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Constructing and engineering fatty acid metabolic pathways for the production of fuels and chemicals

  • Author(s): Steen, Eric James
  • Advisor(s): Keasling, Jay D
  • et al.
Abstract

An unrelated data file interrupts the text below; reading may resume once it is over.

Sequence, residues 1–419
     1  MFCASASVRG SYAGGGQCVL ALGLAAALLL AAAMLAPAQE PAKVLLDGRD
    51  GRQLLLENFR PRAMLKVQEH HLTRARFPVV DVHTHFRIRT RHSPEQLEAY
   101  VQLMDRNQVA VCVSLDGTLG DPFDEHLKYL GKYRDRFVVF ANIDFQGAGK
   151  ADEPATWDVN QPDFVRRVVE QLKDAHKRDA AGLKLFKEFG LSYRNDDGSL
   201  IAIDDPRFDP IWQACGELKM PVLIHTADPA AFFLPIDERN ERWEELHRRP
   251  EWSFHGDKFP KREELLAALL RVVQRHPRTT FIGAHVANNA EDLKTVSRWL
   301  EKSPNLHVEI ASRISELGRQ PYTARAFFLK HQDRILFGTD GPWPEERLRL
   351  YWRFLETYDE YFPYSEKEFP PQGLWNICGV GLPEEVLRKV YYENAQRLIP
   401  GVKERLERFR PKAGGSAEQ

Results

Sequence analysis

Fatty acid biosynthesis creates highly-reduced hydrocarbons dubbed nature's petroleum. The pathway is responsible for products mostly used to build the lipid-bilayer of cell membranes, but also are implicated in cell signaling, brain function, and energy storage. As a source of natural hydrocarbons, we sought to exploit fatty acid biosynthesis for microbial production of a number of molecules including butanol, higher chain fatty alcohols, fatty acid ethyl esters (biodiesel), wax esters and long chain diacids. We attempted to exploit the two main forms of fatty acid biosynthesis, type I and II, which are characterized by single polypeptides that encode multiple reactions or single polypeptides that encode single reactions, respectively. The different types of fatty acid biosynthesis are found in comparing prokaryotes and eukaryotes, thus we engineered both Escherichia coli and Saccharomyces cerevisiae. Our strategy for building and engineering a pathway is broadly applicable and consists of identifying requisite reactions and the enzymes that encode those reactions, expressing those enzymes in a single host, analyzing production levels of metabolites related to the pathway, generating a hypothesis that explains the system's behavior and re-perturbing it to test the hypothesis in an effort to more efficiently produce a molecule of interest. With this strategy we successfully constructed and engineered fatty acid pathways in E. coli and S. cerevisiae.

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